Featured Research

from universities, journals, and other organizations

How can robots get our attention?

Date:
March 8, 2011
Source:
Georgia Institute of Technology
Summary:
Researchers have found that they can program a robot to understand when it gains a human's attention and when it falls short.

Using the robot Simon, researchers found that they can program a robot to understand when it gains a human’s attention and when it falls short.
Credit: Rob Felt/Georgia Tech

Getting someone's attention can be easy with a loud noise or a shout, but what if the situation calls for a little more tact? How can a robot use subtle cues to attract a human's notice and tell when it has captured it? In a preliminary study, researchers at the Georgia Institute of Technology have found that they can program a robot to understand when it gains a human's attention and when it falls short.

The research is being presented March 8 at the Human-Robot Interaction conference in Lausanne, Switzerland.

"The primary focus was trying to give Simon, our robot, the ability to understand when a human being seems to be reacting appropriately, or in some sense is interested now in a response with respect to Simon and to be able to do it using a visual medium, a camera," said Aaron Bobick, professor and chair of the School of Interactive Computing in Georgia Tech's College of Computing.

Using the socially expressive robot Simon, from Assistant Professor Andrea Thomaz's Socially Intelligent Machines lab, researchers wanted to see if they could tell when he had successfully attracted the attention of a human who was busily engaged in a task and when he had not.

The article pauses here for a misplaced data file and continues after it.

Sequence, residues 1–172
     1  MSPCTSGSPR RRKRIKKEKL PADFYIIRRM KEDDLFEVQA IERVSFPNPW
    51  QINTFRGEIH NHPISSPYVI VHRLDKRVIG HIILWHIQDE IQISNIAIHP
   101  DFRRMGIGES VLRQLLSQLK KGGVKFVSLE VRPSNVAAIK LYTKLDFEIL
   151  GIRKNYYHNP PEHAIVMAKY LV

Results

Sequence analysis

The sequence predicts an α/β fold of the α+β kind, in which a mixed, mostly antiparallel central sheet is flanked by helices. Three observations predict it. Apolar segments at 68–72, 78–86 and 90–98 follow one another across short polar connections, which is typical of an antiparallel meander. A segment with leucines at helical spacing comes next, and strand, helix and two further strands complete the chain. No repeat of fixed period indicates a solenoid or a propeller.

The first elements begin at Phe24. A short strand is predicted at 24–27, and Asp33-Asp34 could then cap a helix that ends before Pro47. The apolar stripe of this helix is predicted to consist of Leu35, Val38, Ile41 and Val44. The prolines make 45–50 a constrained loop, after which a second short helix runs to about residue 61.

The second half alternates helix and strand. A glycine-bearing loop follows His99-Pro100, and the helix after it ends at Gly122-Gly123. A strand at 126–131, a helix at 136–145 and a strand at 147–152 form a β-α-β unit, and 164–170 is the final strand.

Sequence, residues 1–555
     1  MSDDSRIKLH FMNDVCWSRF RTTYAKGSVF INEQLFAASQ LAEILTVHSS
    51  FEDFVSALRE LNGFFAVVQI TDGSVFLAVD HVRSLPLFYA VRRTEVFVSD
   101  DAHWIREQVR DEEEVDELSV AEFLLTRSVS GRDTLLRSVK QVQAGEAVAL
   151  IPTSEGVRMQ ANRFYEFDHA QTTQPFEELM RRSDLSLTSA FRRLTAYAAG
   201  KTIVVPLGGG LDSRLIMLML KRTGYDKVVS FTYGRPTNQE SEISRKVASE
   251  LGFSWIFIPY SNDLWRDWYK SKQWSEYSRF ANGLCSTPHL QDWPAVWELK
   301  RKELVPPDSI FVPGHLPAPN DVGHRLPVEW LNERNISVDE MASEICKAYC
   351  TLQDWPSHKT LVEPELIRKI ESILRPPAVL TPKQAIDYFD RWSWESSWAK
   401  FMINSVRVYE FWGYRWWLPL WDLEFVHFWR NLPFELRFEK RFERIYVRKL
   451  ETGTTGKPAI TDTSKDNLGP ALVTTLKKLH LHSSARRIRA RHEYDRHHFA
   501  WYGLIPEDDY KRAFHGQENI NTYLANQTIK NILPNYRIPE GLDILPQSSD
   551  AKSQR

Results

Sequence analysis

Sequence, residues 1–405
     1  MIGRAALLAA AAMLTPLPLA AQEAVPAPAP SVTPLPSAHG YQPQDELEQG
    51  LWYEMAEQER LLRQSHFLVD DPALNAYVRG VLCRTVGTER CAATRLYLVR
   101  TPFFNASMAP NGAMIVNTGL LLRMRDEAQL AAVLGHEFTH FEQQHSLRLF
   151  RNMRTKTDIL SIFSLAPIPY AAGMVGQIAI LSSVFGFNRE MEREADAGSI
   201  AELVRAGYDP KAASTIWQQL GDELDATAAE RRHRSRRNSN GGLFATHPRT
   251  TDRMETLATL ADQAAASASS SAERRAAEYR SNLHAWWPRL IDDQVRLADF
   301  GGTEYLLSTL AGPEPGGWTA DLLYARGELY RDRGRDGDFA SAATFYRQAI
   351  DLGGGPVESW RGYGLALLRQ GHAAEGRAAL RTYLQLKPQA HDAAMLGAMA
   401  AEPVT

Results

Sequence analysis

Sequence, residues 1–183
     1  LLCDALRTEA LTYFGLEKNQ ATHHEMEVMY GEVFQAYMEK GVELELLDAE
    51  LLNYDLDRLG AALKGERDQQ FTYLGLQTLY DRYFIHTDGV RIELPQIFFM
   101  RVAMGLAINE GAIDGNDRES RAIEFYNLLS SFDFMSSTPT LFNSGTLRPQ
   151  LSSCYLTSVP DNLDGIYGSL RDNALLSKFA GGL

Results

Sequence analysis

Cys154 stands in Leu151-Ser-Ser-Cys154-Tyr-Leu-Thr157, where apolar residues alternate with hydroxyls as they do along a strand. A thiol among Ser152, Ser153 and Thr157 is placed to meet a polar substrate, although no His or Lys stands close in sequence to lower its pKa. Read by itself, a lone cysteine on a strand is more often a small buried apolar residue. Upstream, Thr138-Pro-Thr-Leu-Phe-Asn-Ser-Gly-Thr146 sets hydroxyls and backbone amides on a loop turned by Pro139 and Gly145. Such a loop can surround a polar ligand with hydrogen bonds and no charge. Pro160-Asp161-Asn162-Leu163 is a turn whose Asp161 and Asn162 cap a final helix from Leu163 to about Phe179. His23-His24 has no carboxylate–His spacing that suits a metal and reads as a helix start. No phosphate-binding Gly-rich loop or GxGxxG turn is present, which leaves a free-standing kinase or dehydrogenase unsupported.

"Simon would make some form of a gesture, or some form of an action when the user was present, and the computer vision task was to try to determine whether or not you had captured the attention of the human being," said Bobick.

With close to 80 percent accuracy Simon was able to tell, using only his cameras as a guide, whether someone was paying attention to him or ignoring him.

"We would like to bring robots into the human world. That means they have to engage with human beings, and human beings have an expectation of being engaged in a way similar to the way other human beings would engage with them," said Bobick.

"Other human beings understand turn-taking. They understand that if I make some indication, they'll turn and face someone when they want to engage with them and they won't when they don't want to engage with them. In order for these robots to work with us effectively, they have to obey these same kinds of social conventions, which means they have to perceive the same thing humans perceive in determining how to abide by those conventions," he added.

Researchers plan to go further with their investigations into how Simon can read communication cues by studying whether he can tell by a person's gaze whether they are paying attention or using elements of language or other actions.

"Previously people would have pre-defined notions of what the user should do in a particular context and they would look for those," said Bobick. "That only works when the person behaves exactly as expected. Our approach, which I think is the most novel element, is to use the user's current behavior as the baseline and observe what changes."

The research team for this study consisted of Bobick, Thomaz, doctoral student Jinhan Lee and undergraduate student Jeffrey Kiser.